USGS Data Management

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U.S. Geological Survey Data Lifecycle Diagram Plan Acquire Process Analyze Preserve Publish/Share Manage Quality Describe (Metadata, Documentation) Backup & Secure The USGS Science Data Lifecycle
U.S. Geological Survey Data Lifecycle Diagram

Data Management: Planning

A documented sequence of intended actions to identify and secure resources and gather, maintain, secure, and utilize data holdings comprise a Data Management Plan. This also includes the procurement of funding and the identification of technical and staff resources for full lifecycle data management. Once the data needs are determined, a system to store and manipulate the data can then be identified and developed.

Data Management Plans

Planning for Data Management involves answering questions about the data: Do they already exist? How will they be obtained or collected? What is the schedule and budget for data collection? How will the data be checked and certified? What are the likely uses for the data? How will the data be stored, accessed, and protected? A good data management plan provides a strategy for how you will answer all of these questions. Learn more about data management plans.

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Data & File Formats

Standardization of Data & File Formats makes the data easier to work with both for the original researcher and for others who will use the data. Learn more about data formats.

Organize Files and Data

File organization with a logical, clear structure and labeling system enables not only others to access your data, but makes it easier for you to find your own data as well. These are the public's data, and we have a stewardship responsibility to the data. Thinking about how you will organize your files and data early on in planning may save you from having to reorganize and rename files later on. Learn more about organizing files and data.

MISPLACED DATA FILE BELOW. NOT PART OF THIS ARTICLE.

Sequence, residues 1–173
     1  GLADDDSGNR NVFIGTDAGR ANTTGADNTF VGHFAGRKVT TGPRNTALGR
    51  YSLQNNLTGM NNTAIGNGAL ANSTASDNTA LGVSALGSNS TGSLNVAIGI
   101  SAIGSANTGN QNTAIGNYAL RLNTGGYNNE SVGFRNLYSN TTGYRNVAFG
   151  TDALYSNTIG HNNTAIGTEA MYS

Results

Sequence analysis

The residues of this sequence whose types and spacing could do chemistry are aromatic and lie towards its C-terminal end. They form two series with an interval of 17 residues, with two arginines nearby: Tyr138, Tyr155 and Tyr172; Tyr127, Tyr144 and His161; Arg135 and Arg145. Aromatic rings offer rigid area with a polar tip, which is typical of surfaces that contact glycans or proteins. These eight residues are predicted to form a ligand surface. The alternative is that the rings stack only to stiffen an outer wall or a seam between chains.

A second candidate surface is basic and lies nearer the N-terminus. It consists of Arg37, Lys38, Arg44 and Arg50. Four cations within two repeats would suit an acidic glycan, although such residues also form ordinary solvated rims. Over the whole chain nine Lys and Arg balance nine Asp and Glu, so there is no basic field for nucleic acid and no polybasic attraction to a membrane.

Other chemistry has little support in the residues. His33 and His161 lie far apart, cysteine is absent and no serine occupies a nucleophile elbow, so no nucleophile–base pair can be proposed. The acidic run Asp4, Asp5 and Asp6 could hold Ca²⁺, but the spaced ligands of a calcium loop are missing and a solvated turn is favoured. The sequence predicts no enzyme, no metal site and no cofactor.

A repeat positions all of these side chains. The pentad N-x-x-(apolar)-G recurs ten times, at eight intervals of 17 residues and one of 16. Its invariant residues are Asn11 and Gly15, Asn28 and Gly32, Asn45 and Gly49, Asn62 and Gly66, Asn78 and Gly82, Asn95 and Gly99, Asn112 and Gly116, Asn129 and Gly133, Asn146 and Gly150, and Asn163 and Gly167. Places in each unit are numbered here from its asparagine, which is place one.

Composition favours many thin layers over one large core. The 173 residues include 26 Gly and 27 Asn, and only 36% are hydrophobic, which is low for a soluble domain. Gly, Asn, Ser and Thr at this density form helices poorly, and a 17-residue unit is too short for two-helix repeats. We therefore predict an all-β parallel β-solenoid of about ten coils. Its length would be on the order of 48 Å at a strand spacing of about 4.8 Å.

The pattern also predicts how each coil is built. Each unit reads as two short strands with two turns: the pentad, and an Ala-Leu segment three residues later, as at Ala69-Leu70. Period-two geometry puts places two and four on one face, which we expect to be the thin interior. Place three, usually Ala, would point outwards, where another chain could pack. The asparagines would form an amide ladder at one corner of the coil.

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Data Templates

Creating Data Templates for data collection, data storage, and metadata saves time and increases consistency. Utilizing form validation increases data entry reliability. Learn more about data templates.

Data Standards

Standards make it easier to create, share, and integrate data by making sure that there is a clear understanding of how the data are represented and that the data you receive are in a form that you expected. Learn more about data standards.

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Data Stewardship: Roles and Responsibilities

Data management is a crucial foundation of your professional work. The data you collect and analyze are a national resource. They are not just your data or my data, they are USGS data - paid for by taxpayers' money - that are being used to make all types of management decisions, many of which have substantial economic and even health and safety consequences. All data are "corporate data" but it can be appropriate for certain data to be maintained and kept at lower levels of the organization. You must evaluate their role in your job and how well you manage your data in your everyday work. Learn more about data stewardship.

What the U.S. Geological Survey Manual Requires:

The USGS Manual Chapter 1100.1 - Information Product Planning discusses planning for information products, which include data products:

"Policy: Planning for information products begins as early as possible during the evolution of a project. A written planning document must be developed prior to production for each information product. An information product plan will ensure adequate management and budgeting for all elements of the information lifecycle including planning, development, dissemination, documentation, storage, evaluation, and disposition."

Note: Information Product: An information product is the compilation of scientific communication or knowledge such as facts, data, or interpretations in any medium (e.g., print, digital, Web) or form, including textual, numerical, graphical, cartographic, or audiovisual, to be disseminated to a defined audience or customer, scientific or nonscientific, internal or external.